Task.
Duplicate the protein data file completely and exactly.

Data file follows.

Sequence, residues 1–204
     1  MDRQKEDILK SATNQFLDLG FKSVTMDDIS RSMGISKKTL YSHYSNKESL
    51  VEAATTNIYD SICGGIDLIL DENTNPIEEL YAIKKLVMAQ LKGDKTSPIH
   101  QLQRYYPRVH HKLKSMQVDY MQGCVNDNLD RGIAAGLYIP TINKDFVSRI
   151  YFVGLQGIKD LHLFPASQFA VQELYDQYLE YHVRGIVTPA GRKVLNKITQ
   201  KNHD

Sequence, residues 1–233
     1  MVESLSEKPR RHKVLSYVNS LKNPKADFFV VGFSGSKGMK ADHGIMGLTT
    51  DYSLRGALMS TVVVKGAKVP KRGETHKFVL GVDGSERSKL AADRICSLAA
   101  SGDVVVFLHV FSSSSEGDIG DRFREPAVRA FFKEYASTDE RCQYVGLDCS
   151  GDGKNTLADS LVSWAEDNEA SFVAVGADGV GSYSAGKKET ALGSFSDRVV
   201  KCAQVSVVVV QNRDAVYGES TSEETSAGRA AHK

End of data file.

Sequence, residues 1–204
     1  MDRQKEDILK SATNQFLDLG FKSVTMDDIS RSMGISKKTL YSHYSNKESL
    51  VEAATTNIYD SICGGIDLIL DENTNPIEEL YAIKKLVMAQ LKGDKTSPIH
   101  QLQRYYPRVH HKLKSMQVDY MQGCVNDNLD RGIAAGLYIP TINKDFVSRI
   151  YFVGLQGIKD LHLFPASQFA VQELYDQYLE YHVRGIVTPA GRKVLNKITQ
   201  KNHD

Sequence, residues 1–233
     1  MVESLSEKPR RHKVLSYVNS LKNPKADFFV VGFSGSKGMK ADHGIMGLTT
    51  DYSLRGALMS TVVVKGAKVP KRGETHKFVL GVDGSERSKL AADRICSLAA
   101  SGDVVVFLHV FSSSSEGDIG DRFREPAVRA FFKEYASTDE RCQYVGLDCS
   151  GDGKNTLADS LVSWAEDNEA SFVAVGADGV GSYSAGKKET ALGSFSDRVV
   201  KCAQVSVVVV QNRDAVYGES TSEETSAGRA AHK